“Some patients come in with what I would see as a minor injury and are in extreme pain, and some patients suffer devastating injuries yet require no medication,” he said.
“We want to make sure the patient is not suffering,” yet balance that out by looking for alternatives to opioids or if prescribing opioids for acute pain, limiting it to small amounts, Regan said.
Dr. Michael Schlosser, chief medical officer for HCA — the large Nashville-based private hospital chain that owns Poinciana Medical Center and nearby Osceola Regional Medical Center — recently made headlines after he told Nashville Public Radio about his company’s new protocol under which HCA doctors will tell patients they "will treat the pain, but you should expect that you're going to have some pain. And you should also understand that taking a narcotic so that you have no pain really puts you at risk of becoming addicted to that narcotic."
Regan said he would phrase it differently but “there has to be a conversation with patients. This is a partnership among the physicians, pharmacists and patients. As physicians, we are working to heal and avoid harming the patient.”
These days when patients are sent home from the emergency department, it is with only enough pain medication to last a couple of days, Regan said.
“If patients need more medication, they need to be reassessed,” whether by their primary-care doctor, an orthopedist, a neurologist or other specialist, Regan said.
“It has to be a multi-disciplinary approach to treating chronic pain,” Regan said. “We want to make sure we are not setting up a patient for addiction.”
Dr. Daniel Haight, vice president of community health at Lakeland Regional Health, said that eliminating pain can hide symptoms that clinicians need to know about to make a diagnosis. For example, after surgery a patient on strong pain killers might not be aware of pain associated with an infection starting.
“Once pain is known to be intractable, whether from cancer, nerve damage or some other condition, it can be addressed,” Haight said.
That is the type of pain where opioids are most likely to be used, along with end-of-life care.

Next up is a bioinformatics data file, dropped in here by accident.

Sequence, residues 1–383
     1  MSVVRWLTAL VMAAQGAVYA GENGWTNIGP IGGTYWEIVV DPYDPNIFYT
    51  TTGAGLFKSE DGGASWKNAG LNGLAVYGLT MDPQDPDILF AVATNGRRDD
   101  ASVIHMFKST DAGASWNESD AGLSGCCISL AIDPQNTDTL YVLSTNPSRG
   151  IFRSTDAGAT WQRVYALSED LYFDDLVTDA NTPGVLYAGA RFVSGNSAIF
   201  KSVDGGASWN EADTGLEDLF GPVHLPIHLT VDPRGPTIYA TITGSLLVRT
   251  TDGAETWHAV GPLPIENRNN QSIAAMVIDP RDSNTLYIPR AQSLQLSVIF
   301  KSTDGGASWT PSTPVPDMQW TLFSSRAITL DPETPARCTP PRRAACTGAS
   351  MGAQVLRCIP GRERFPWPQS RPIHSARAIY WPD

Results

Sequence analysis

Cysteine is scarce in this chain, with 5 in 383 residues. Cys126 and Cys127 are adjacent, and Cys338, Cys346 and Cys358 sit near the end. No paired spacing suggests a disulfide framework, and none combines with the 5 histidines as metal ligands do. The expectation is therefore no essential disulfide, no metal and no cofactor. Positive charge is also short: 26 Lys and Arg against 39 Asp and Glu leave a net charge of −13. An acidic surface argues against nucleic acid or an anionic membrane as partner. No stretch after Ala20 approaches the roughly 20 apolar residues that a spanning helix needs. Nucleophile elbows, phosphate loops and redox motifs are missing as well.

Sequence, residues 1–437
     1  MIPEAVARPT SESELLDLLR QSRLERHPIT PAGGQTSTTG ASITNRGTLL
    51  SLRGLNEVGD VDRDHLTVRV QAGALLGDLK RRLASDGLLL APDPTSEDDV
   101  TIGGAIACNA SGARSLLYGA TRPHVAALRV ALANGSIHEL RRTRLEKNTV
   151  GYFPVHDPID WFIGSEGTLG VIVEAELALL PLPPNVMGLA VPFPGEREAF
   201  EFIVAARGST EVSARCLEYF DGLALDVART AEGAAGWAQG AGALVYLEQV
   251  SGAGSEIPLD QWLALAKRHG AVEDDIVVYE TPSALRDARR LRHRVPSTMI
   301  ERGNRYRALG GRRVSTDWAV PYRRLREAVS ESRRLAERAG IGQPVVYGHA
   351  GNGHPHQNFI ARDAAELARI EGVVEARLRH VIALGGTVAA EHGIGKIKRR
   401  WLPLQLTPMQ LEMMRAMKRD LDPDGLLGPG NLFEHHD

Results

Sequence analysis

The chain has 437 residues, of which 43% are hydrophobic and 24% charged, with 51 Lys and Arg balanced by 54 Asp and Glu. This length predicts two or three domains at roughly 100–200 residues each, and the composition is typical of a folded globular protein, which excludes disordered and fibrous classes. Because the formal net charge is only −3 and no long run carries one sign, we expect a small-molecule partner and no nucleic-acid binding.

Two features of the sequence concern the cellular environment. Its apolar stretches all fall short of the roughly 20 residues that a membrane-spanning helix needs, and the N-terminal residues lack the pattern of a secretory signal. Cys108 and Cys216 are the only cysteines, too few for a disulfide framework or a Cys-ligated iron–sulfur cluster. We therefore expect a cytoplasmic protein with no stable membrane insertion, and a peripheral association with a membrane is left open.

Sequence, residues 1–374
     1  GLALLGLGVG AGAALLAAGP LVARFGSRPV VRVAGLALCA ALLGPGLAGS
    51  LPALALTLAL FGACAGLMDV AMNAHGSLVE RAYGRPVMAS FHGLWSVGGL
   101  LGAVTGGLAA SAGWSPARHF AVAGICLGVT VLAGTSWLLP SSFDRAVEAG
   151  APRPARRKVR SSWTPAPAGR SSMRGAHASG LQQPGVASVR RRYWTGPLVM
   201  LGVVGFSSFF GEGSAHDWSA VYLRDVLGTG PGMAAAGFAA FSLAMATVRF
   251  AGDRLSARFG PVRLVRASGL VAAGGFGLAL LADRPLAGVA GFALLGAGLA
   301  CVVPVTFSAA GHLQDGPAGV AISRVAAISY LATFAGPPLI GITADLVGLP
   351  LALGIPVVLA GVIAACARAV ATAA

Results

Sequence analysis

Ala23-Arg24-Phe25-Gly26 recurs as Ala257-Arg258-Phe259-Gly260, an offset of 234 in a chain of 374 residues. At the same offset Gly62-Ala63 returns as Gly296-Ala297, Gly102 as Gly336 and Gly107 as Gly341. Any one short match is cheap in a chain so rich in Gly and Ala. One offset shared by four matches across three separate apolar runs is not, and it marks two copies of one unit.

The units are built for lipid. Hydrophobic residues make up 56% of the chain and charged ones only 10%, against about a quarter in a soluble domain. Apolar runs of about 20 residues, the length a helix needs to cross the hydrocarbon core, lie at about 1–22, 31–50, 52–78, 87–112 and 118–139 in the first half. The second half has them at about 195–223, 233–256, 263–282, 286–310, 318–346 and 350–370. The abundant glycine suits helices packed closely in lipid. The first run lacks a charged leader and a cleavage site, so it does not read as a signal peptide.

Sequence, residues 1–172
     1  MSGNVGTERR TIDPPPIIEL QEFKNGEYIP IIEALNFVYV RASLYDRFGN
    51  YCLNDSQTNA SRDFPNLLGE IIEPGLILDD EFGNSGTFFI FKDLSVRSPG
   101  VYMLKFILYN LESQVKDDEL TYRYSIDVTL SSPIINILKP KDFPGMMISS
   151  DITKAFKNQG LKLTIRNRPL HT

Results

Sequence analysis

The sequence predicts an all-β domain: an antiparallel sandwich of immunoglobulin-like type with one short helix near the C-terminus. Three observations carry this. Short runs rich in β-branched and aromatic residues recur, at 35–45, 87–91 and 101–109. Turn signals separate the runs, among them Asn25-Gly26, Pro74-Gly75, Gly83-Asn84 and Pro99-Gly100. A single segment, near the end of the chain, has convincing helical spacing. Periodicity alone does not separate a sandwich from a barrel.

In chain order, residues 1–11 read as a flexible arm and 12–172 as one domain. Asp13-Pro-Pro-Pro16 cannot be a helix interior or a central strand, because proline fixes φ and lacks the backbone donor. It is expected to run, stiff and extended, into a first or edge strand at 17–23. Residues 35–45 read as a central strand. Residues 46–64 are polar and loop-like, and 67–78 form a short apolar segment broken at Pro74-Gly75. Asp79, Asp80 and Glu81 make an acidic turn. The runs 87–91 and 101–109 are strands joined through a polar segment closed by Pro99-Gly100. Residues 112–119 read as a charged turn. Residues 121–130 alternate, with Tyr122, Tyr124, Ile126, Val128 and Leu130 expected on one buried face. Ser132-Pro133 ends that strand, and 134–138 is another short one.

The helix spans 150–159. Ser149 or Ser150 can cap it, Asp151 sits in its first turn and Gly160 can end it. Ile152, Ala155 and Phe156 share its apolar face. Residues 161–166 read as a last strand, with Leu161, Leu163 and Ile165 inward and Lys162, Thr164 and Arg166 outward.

As hospitals and physician practices develop protocols and guidelines on prescribing opioids and other potentially addictive medications, “we have to look at the perils we are sending people home with,” Vaaler said.
“It is a huge educational effort, a change in mindset,” Vaaler said. “We have been taught over the last few years we have to get rid of pain. But now we have to look at how do we make pain tolerable, offer alternatives and talk to the patients about how medications can harm you.
“We can still address the pain, but we can say to patients, ‘We may not be able to totally take care of the pain, but we will address it and keep you safe,’ ” Vaaler said.
The mindset might stem from how hospitals have been graded on pain management by the federal Centers for Medicare & Medicaid Services. Patients have been asked how well the hospital did at controlling their pain. Starting this month, when patients are surveyed, they will be asked about how well the hospital did in talking with them about their pain.
Until recently, patient answers on pain control figured into Medicare and Medicaid payments. That’s been changed, although patients’ responses to how well the hospitals communicated about pain control will still be part of the Hospital Compare data. The new data will not show up on the publicly available reports for a couple of years.
“When people come in seeking relief for chronic pain, we can look up at the state database. Those who are chronic users of pain medications, we will refer back to their primary-care doctor or specialist,” Vaaler said.
“Opioids are a last resort,” Vaaler said.
Marilyn Meyer can be reached at email@example.com or 863-802-7558.